Monday, April 13, 2009

The Sights of the Falklands and the Sounds of Germany in Brooklyn, NY

On July 17, 2007, Marcus Demuth finished paddling a sea kayak around Ireland. On January 26, 2009, he successfully completed a circumnavigation of the Falkland Islands by kayak. In the wet and rainy early evening of Saturday, April 11, 2009 he successfully peddled his bike (photo top right) from his home in Brooklyn to the Sebago Canoe Club on Brooklyn’s Paerdegat Basin to talk about and present a slide show about his recent circumnavigation of the Falklands.

Saturday evening was my first opportunity to meet Marcus. A native of Germany who recently moved to New York City, his German accent betrays his soft spoken, polite, mild manner which can disarm any stranger but hints of the deep reserve of inner and physical strength that has been more than once tested on the open sea.

The Sebago Canoe Club is not the most high tech sort of place to present an expedition travelogue. The laptop with attached projector seemed just a little out of place next to the double 55-gallon drum wood stove with a fire burning inside to take the chill off the air. The white plastic tablecloth tacked to the wall as a make-shift projection screen seemed more appropriate. One or more of the four nautical charts of the Falklands that Marcus had taped to the wall with blue painter’s masking tape would occasionally fall down during his presentation. The plastic table-cloth screen also started to fall but was quickly re-tacked. Concessions consisting of tortilla chips, cheese, crackers, wine and local brews were free.

I thought the most startling visual aid was a map of the Falklands detailing mine fields left over from the Falkland’s War fought in 1982 between Argentina and the United Kingdom. (photo bottom right, not a photo of the war but a photo of the map). The slides, consisting mostly of scenes featuring penguins, treeless landscapes and vast ocean reminded me of scenes from the Outer Hebrides of Scotland, except there are no penguins in Scotland.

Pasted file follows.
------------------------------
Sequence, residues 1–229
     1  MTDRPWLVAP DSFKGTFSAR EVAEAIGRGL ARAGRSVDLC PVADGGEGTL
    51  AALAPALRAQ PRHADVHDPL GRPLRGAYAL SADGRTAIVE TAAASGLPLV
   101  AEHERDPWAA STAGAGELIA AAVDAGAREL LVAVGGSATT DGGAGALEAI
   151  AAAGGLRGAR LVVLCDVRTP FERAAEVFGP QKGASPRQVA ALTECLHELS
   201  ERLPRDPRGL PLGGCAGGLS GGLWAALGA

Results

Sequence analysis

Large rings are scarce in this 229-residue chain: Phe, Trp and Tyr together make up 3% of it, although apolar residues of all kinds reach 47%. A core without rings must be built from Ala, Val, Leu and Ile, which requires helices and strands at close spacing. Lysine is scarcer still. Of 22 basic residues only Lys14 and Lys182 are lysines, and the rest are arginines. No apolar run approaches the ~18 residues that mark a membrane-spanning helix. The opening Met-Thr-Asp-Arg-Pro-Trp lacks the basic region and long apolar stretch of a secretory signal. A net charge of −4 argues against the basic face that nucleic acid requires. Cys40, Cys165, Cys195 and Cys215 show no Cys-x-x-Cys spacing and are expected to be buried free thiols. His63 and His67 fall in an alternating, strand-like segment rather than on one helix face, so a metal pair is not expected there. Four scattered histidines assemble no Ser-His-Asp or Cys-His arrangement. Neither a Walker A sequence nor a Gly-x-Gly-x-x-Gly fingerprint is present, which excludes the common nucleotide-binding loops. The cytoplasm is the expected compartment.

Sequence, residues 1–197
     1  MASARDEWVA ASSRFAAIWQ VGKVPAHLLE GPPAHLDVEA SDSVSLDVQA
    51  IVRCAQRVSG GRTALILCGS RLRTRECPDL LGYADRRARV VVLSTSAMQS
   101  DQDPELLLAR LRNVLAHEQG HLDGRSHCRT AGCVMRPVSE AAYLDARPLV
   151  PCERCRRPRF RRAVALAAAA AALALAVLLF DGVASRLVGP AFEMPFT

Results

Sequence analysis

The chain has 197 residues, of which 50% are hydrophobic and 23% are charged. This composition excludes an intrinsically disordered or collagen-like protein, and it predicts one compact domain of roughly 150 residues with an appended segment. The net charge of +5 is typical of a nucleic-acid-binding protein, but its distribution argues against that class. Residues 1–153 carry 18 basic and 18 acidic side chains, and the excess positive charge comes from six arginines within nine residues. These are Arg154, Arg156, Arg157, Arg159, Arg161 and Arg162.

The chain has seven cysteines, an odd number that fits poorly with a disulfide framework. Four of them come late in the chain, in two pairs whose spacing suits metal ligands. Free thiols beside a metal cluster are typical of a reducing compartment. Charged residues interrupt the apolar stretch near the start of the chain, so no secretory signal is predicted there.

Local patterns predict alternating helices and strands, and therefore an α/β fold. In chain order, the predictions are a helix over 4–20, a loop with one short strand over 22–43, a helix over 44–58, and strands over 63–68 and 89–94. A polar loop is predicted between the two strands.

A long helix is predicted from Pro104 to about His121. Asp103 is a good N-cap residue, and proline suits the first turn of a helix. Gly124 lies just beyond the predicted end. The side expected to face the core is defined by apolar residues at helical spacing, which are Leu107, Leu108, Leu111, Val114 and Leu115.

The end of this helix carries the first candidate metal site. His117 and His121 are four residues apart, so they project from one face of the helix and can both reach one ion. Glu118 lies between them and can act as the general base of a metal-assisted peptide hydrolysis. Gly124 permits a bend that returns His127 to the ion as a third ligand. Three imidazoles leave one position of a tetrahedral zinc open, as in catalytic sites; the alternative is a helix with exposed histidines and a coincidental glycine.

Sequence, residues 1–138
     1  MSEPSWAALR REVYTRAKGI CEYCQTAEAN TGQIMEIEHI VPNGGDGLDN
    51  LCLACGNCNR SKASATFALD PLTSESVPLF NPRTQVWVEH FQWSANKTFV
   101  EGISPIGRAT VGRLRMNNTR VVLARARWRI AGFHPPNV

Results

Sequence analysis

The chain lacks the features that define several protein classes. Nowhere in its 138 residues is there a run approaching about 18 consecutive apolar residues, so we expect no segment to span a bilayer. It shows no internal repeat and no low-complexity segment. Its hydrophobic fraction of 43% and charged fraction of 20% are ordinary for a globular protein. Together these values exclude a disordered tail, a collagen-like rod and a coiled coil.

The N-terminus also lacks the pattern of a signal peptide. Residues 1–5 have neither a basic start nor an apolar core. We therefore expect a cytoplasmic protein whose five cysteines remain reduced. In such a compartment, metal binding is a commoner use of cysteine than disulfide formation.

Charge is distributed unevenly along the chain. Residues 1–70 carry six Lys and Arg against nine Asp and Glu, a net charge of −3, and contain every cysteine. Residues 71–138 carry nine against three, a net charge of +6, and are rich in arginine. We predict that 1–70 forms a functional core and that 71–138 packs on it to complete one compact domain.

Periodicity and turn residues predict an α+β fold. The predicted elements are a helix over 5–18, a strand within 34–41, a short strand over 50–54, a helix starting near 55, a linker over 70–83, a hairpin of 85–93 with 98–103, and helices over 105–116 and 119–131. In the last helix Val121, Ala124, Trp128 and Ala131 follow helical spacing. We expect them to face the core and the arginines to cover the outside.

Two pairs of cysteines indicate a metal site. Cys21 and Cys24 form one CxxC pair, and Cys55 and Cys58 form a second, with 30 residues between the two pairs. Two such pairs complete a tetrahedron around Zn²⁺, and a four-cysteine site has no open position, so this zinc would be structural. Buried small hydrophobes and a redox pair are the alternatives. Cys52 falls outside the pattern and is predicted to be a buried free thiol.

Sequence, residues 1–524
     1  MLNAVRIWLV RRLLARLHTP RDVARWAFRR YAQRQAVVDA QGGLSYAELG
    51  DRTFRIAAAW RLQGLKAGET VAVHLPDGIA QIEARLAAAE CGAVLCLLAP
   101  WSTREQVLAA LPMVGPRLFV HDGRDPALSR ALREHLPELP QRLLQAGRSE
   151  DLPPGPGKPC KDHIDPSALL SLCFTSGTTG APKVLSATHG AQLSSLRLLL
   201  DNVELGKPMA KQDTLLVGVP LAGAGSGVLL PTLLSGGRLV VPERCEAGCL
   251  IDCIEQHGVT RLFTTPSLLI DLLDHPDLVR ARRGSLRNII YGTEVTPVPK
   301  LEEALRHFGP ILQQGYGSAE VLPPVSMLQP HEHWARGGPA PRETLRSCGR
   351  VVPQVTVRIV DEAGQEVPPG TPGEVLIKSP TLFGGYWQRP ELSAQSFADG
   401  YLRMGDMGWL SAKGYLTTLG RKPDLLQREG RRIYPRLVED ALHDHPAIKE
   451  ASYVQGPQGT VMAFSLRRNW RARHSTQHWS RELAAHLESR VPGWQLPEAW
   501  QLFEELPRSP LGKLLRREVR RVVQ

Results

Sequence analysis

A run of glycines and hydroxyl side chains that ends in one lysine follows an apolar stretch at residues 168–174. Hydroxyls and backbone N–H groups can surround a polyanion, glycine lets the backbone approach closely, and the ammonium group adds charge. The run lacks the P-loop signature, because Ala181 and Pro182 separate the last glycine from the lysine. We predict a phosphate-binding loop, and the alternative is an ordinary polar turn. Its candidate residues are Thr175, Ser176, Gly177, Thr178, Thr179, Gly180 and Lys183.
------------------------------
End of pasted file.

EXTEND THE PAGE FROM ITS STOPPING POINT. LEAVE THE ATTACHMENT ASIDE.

Marcus began his presentation with a short quiz. How far is it from Brooklyn to the Falklands? How many islands comprise the Falkland archipelago? How many people live in the Falklands? How many tourists visit the Falklands annually? The answers: Approximately 10,000 miles, 750 islands, 2,500 residents, and 500 tourists. After his presentation, which lasted about two hours, I was convinced that Marcus had met and befriended every one of those 2,500 Falklanders and probably knew them by name.

Seventeen people and two dogs attended the presentation, including some good folk visiting Sebago for the first time. Of the sixteen other people in attendance (not counting myself and Marcus) I had paddled with six of them.

The folksy, laid back presentation and slide show of an expedition reminded me of a similar experience more than thirty years ago. It was a seasonable summer evening. Several climbers were sitting in the dead-end road outside The Gendarme climbing shop at Seneca Rocks, West Virginia. After a day of climbing under the hot sun about two dozen climbers were drinking ice cold beer and watching an open-air slide show about an expedition to the Himalayas. It was an enjoyable evening spent with likeminded folk who shared a passion for climbing. Similarly, Saturday night’ s gathering at the Sebago clubhouse was an enjoyable evening spent with likeminded folk who share a passion for sea kayaking. These two experiences, one a summit slideshow and the other a shore slideshow are now inexorably wed in my memory as well as in this blog post.


Jane Donnelly said...

I wish I had been there. I think I would have enjoyed the presentation. I have been following Daniel Fox and The Wild Image project. Daniel is kayacking in Argentina. He is a former Central Park Zoo volunteer. Check it out.

John Edward Harris said...

As a first time user of thewildimage I found the environment a little difficult to navigate, but there are some stunning photos and video.